Follow these guidelines for administering your Oracle hierarchy:

  • Access via protected communication paths. To ensure that users can access the Oracle SID, regardless of the physical system on which it is running, all remote access of the database should be done through the protected Named Pipe (LAN Manager alias) or IP addresses, which are part of the Oracle hierarchy. LifeKeeper automatically makes protected communication paths available on the backup system in case of a switchover.
  • Reserve volumes for exclusive Oracle use. Reserve volumes containing the Oracle database files for use exclusively by Oracle. They should not be shared for users to access via LAN Manager, and should not be accessed by any other local applications. This is because LifeKeeper operations that remove a volume resource from service, for example in a failover, can fail if a remote user is accessing one of the volumes over the network or if a local process has done an open for write access on the volume.

Local processes that have read-only access to volumes do not prevent removal of a resource from service, but the read-only access may cause a restore to fail when you attempt to switch the resource back. Examples of processes with read-only access are the Performance Monitor, which periodically polls each volume, or any running process which is installed on the shared volume.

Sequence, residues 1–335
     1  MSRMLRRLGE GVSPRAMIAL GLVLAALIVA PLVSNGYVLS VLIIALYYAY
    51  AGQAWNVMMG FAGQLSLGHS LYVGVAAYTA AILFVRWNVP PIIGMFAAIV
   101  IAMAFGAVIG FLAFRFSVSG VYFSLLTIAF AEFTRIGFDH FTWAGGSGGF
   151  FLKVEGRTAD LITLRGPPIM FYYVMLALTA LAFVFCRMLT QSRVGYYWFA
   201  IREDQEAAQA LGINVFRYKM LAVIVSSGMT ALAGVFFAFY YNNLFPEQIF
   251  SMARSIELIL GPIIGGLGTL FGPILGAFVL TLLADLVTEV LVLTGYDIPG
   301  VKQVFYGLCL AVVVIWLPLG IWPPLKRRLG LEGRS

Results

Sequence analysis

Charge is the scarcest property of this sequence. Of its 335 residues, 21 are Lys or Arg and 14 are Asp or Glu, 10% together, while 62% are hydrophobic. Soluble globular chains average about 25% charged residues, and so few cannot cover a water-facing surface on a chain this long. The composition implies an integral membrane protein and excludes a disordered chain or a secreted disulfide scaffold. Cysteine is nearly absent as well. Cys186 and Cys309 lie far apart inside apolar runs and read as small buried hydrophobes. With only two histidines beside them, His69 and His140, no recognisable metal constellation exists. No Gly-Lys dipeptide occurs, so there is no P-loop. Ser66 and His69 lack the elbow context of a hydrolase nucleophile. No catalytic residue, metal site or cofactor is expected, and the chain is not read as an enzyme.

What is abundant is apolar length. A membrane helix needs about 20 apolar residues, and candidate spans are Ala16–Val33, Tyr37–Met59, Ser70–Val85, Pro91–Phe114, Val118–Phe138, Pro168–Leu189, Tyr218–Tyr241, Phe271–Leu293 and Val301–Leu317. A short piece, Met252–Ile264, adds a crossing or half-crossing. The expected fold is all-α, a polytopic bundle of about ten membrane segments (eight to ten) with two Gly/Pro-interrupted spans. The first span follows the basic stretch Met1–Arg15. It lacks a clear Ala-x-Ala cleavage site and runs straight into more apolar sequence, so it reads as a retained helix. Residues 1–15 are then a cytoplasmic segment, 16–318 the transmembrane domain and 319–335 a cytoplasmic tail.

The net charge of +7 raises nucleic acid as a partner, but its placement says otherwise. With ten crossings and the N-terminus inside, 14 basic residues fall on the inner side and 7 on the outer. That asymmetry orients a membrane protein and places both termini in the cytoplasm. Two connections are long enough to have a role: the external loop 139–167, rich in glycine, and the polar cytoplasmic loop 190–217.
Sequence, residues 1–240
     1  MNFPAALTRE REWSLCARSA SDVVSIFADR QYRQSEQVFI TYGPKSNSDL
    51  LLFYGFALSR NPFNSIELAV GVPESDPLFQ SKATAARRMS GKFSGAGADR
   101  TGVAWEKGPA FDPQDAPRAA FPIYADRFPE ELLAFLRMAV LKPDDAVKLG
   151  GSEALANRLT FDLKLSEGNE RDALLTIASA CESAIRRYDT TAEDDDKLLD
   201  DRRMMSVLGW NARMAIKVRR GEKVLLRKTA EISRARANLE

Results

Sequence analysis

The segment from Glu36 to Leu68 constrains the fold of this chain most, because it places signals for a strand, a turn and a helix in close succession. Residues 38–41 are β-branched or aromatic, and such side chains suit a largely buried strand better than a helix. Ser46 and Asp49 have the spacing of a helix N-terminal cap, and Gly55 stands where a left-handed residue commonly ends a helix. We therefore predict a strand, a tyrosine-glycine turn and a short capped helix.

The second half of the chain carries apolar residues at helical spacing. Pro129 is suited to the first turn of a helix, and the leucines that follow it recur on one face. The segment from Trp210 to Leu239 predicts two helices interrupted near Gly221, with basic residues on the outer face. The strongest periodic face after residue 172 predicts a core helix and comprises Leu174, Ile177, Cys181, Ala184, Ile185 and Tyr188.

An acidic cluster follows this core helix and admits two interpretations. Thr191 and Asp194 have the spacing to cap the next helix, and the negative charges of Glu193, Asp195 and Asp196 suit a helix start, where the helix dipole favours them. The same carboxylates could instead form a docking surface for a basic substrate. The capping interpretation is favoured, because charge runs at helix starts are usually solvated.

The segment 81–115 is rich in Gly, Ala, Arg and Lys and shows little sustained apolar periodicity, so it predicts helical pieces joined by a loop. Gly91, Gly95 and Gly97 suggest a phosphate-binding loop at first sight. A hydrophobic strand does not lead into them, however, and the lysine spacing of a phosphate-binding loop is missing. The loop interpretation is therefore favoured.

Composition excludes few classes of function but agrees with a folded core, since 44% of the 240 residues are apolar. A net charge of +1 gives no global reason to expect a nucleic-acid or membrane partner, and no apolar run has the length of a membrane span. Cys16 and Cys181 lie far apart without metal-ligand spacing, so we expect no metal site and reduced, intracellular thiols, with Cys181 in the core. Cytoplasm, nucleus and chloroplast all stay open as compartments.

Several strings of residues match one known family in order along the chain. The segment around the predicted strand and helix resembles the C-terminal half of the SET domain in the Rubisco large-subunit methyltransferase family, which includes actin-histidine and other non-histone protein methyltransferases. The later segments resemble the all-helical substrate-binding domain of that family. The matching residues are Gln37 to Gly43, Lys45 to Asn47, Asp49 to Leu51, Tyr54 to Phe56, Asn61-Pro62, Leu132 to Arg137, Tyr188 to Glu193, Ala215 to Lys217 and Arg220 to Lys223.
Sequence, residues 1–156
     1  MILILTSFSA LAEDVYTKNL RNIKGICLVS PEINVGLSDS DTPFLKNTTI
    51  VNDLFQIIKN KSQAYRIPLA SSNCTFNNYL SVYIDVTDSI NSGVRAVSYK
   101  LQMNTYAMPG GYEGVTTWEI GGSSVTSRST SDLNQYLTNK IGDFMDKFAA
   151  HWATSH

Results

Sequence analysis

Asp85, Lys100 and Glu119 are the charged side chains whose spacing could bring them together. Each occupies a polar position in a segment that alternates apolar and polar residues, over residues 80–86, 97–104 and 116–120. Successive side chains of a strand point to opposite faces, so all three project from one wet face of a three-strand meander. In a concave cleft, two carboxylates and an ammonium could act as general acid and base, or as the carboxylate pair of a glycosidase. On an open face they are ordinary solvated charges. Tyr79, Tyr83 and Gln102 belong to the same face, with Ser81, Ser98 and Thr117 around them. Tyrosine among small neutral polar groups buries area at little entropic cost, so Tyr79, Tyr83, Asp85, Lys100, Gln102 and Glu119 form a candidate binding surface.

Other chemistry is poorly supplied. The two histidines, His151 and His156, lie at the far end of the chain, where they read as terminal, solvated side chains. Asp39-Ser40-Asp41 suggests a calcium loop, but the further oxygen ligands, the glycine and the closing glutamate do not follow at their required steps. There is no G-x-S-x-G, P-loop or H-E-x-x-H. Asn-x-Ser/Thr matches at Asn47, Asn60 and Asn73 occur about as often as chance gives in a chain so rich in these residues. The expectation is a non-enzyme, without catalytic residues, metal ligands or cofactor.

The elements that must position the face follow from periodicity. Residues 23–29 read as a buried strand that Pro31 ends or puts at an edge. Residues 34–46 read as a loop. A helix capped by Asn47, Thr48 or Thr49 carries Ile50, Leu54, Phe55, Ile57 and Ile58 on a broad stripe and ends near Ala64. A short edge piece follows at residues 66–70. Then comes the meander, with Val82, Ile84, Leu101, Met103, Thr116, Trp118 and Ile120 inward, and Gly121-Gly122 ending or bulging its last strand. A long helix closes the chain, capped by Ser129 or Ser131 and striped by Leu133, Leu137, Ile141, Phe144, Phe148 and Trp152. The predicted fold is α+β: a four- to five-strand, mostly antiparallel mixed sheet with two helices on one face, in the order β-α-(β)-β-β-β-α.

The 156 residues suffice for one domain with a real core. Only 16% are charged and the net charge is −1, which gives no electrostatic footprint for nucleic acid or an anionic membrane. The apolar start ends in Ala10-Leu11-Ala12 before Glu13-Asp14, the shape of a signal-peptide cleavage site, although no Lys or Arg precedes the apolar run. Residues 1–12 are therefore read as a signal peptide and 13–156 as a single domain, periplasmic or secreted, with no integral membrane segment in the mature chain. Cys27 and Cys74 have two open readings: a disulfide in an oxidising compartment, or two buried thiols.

• Start and Stop Oracle Through LifeKeeper. Although much of your administration of Oracle databases is done through the Oracle tools, use the LifeKeeper Out of Service function to stop the Oracle database and use the In Service function to start the Oracle database. When LifeKeeper stops and starts the Oracle database, it maintains a consistent view of the server on all nodes in the configuration.
  • Protect volume resources before adding to Oracle SID. As your environment grows, if you need to add new volumes to the Oracle SID already under LifeKeeper protection, you should do the following:

  1. Protect the volume first (create a volume resource).

  2. Add the volume to the SID.

  3. Manually create a dependency between the Oracle resource and the volume resource.


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